Replacement arthroplasty, or joint replacement surgery, is a procedure of orthopedic surgery in which an arthritic or dysfunctional joint surface is replaced with an orthopedic prosthesis. Replacing a joint can reduce pain and help you move and feel better. Hips and knees are replaced most often. Other joints that can be replaced include the shoulders, ankles, and elbows.
Total Shoulder Replacement
Total shoulder replacement, also known as total shoulder arthroplasty (TSA), is a tremendously successful procedure for treating the severe pain and stiffness that often result at the end stage of various forms of arthritis or degenerative joint disease of the shoulder joint. The primary goal of shoulder replacement surgery is pain relief, with a secondary benefit of restoring motion, strength, function, and assisting with returning patients to an activity level as near to normal as possible. Many patients return to the sports they love like tennis, golf, and swimming, while also pursuing personal health initiatives such as individual training, yoga and pilates.
Hip replacement surgery, or hip arthroplasty, provides pain relief and restores movement to people who have hip pain or stiffness. Most hip replacements are performed to remedy hip arthritis. This is where cartilage between the bones of the hip joint wears down. The bones then scrape together, causing more damage, as well as pain and stiffness. Arthritis of the hip can make it painful for a person to walk or even to get in or out of a chair. This surgery can also be used to fix injuries such as bone breaks, hips that grow incorrectly, and other conditions.
Knee replacement surgery, or knee arthroplasty, offers pain relief and improved movement to those suffering from advanced arthritis of the knee or a weakened knee joint. In most cases, the cartilage is worn away and the surface of the knee becomes pitted, eroded, and uneven. This causes pain, stiffness, instability, and a change in body alignment.
Total Knee Replacement (TKR) is most common and involves removing the damaged bone and cartilage and replacing the knee joint with implants to restore the natural motion and function of the knee.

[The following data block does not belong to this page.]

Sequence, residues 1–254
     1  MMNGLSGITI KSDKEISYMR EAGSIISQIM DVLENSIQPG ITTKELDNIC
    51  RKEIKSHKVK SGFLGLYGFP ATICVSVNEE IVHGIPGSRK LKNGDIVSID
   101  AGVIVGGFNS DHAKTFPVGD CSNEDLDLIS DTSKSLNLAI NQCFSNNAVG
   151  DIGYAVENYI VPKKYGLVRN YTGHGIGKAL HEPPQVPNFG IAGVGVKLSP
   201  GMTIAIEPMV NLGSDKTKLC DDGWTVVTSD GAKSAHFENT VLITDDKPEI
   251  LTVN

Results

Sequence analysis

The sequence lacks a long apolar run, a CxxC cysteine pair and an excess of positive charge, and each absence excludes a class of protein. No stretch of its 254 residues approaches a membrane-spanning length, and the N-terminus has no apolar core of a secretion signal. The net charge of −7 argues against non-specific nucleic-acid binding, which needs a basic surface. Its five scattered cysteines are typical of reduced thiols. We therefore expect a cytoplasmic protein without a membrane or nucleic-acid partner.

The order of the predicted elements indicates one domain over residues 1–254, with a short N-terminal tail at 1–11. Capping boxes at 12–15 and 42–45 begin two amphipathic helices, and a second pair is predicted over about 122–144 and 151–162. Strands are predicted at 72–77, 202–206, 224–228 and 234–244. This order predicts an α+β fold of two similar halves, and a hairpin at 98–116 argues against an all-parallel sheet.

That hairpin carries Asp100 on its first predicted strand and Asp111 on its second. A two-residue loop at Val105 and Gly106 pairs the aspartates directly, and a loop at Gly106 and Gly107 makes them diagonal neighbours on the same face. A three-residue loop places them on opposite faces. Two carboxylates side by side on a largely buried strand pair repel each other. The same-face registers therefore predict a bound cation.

Severe arthritis of the ankle joint, as with other joints, is the result of progressive wearing down of the layer of articular cartilage that cushions the joint’s moving surfaces, ultimately resulting in bone-on-bone grinding with joint motion. This “end stage” arthritis results in pain, combined with loss of function and mobility – severely limiting normal activity. When this end stage is reached and non-operative options (such as medication, injections, and bracing) have been exhausted, total ankle replacement (TAR) may provide relief.
The design and success of total ankle replacement have evolved over many years. As an alternative to ankle fusion, which locks the joint in a fixed position and does not permit ankle motion, ankle replacement replaces the arthritic surfaces with metal and plastic low-friction implants. The primary benefit is pain relief with retained ankle motion.
Elbow replacement is less common than hip or knee replacement. Elbow arthritis is usually treated nonsurgically with physical therapy, anti-inflammatory medications, or both.
If these treatments fail, an elbow replacement may be necessary. However, this surgery has a far lower success rate than hip or knee replacement. The elbow is a complicated hinge joint, and the bones into which artificial joint components must be inserted are smaller than those of the hip or knee.
Effectiveness and practice variation of rehabilitation after joint replacement
Early mobilization is the gold standard for achieving functional mobility after arthroplasty. The value of additional interventions to improve range of motion during the immediate inpatient period is not proven. Home is the preferred discharge destination and yields similar outcomes compared with inpatient rehabilitation. It is possible to improve outcomes related to physical activity by implementing exercise programs carried out at home or at a credited Physical Therapy Facility.